Step 3: Knowing your patient’s values, you can move on to the most difficult question you never wanted to ask:
Explore This IssueACEP Now: Vol 39 – No 05 – May 2020
“If you are so sick that you are unlikely to recover and would require artificial life support during the time you have left, would you prefer to continue on artificial life support, or would you prefer to allow a natural death?”
Everyone may have a different answer. Some may say, “I prefer nature to take its course. I want to die naturally.” Others may say, “Keep me alive at all costs, no matter what. I can’t bear the thought of dying.” What is most important is that the decision is based on the patient’s values, not what their family or even you as the provider prefers.
Step 4: Offer a recommendation. Language is everything. Studies indicate that what listeners understand often differs from what physicians intend. Certain phrases can lead families to feel abandoned and forced to choose between aggressive curative care and giving up.4 As emergency physicians, we should propose realistic goals. Here are two examples, and more are listed in Table 1:
- “Given that you said you most value being at home and hugging your children, I suggest home hospice.”
- “I recommend we accept that he will not live much longer and allow him to die peacefully.”
Planning for end of life is not a new phenomenon, but the presence of COVID-19 has made all of us a little more aware of our own mortality. None of us want to contract the virus and potentially die from it. However, that may be a reality for many people in this country. We are all hoping for the best outcome—that is, very few people falling ill and dying—but we must be practical and prepare for the worst.
Table 1: End-of-Life Conversation Suggestions
|Instead of Saying…||Try Using This Language|
|“Do you want us to do everything possible?”||“Would you like us to initiate artificial life support, or would you prefer to allow a natural death?”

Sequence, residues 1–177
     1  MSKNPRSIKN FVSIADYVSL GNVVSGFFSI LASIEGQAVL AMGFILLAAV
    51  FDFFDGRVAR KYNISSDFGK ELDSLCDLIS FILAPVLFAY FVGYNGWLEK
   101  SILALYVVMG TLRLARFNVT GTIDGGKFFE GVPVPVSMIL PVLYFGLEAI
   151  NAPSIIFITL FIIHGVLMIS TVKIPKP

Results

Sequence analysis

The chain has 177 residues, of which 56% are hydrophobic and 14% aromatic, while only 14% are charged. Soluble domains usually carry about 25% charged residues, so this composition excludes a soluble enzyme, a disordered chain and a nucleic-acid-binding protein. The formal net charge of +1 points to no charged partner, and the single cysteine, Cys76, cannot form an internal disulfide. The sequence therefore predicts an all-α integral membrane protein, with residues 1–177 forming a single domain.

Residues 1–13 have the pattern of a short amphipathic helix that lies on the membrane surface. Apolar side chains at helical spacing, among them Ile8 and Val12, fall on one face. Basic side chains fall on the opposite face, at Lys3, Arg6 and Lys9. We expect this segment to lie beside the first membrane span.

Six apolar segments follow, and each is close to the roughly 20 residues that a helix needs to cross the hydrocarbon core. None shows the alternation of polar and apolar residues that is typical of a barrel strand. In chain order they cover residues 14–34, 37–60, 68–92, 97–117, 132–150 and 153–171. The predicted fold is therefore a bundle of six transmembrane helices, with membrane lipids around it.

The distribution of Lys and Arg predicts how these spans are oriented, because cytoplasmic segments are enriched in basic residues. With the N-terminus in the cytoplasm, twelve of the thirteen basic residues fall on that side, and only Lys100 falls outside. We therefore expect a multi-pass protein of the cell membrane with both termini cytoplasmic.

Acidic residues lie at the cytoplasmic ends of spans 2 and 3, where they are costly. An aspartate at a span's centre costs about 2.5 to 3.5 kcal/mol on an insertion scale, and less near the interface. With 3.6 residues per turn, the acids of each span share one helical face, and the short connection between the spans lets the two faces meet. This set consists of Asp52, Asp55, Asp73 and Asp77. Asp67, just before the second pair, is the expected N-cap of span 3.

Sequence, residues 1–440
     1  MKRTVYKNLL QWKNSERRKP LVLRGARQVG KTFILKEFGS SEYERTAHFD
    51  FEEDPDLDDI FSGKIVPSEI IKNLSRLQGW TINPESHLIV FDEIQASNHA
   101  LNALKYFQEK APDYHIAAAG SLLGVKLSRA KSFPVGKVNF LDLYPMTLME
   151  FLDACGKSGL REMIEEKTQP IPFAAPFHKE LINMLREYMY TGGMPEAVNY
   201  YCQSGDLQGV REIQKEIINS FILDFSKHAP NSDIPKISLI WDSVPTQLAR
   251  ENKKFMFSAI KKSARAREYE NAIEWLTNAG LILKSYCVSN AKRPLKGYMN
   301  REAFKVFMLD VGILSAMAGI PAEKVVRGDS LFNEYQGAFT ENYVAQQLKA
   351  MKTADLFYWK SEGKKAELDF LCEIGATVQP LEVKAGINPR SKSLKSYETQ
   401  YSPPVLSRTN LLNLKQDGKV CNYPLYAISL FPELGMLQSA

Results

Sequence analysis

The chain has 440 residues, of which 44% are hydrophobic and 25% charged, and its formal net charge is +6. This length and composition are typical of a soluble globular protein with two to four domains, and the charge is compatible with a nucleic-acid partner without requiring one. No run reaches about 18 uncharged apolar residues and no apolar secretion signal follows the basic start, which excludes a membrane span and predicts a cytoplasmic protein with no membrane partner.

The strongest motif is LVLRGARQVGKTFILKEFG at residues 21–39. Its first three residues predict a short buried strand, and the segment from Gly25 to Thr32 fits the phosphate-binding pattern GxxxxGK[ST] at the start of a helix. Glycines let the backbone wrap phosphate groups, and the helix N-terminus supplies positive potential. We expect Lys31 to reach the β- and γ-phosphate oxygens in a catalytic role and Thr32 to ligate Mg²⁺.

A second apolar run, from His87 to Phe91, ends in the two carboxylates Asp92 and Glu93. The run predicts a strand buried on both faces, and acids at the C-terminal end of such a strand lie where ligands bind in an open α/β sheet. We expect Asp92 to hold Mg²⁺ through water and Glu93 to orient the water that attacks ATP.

“This virus is so deadly that no matter what we do given her age and comorbidities it is not clear she’d survive.”
“What do I need to know in order to do a better job taking care of you?”
|“We’ll refrain from extraordinary measures.”
“I’m going to make it so he won’t suffer.”
|“Your comfort and dignity are my top priority.”
“Can we agree not to escalate care, which will prolong the dying process?”
|“It’s time we talk about pulling back.”
“Will you agree to discontinue care?”
“I think we should stop aggressive therapy.”
|“I want to help you live meaningfully in the time you have left.”
“What can I do to help fulfill your wish to be at home with your family?”
“Let’s concentrate on improving your quality of life.”
- The Novel Coronavirus Pneumonia Emergency Response Epidemiology Team. The epidemiological characteristics of an outbreak of 2019 novel coronavirus diseases (COVID-19)—China, 2020. China CDC Weekly. 2020;2(8):113-122.
- Wu Z, McGoogan JM. Characteristics of and important lessons from the coronavirus disease 2019 (COVID-19) outbreak in China: summary of a report of 72,314 cases from the Chinese Center for Disease Control and Prevention. JAMA. 2020;323(13):1239-1242.
- Emanuel LL, Ferris FD, von Gunten CF. EPEC. Education for physicians on end-of-life care. Am J Hosp Palliat Care. 2002;19(1):17-18.
- Angus DC, Barnato AE, Linde-Zwirble WT, et al. Use of intensive care at the end of life in the United States: an epidemiologic study. Crit Care Med. 2004;32(3):638-643.